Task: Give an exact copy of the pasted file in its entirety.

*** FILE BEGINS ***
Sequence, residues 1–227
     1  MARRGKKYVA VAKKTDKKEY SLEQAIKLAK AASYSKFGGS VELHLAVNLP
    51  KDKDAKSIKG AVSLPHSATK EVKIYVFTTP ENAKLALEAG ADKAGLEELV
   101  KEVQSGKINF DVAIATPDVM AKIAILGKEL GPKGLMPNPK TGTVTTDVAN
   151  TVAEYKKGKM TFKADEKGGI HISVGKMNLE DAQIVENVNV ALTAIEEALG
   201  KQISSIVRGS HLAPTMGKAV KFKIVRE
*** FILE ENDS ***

Sequence, residues 1–227
     1  MARRGKKYVA VAKKTDKKEY SLEQAIKLAK AASYSKFGGS VELHLAVNLP
    51  KDKDAKSIKG AVSLPHSATK EVKIYVFTTP ENAKLALEAG ADKAGLEELV
   101  KEVQSGKINF DVAIATPDVM AKIAILGKEL GPKGLMPNPK TGTVTTDVAN
   151  TVAEYKKGKM TFKADEKGGI HISVGKMNLE DAQIVENVNV ALTAIEEALG
   201  KQISSIVRGS HLAPTMGKAV KFKIVRE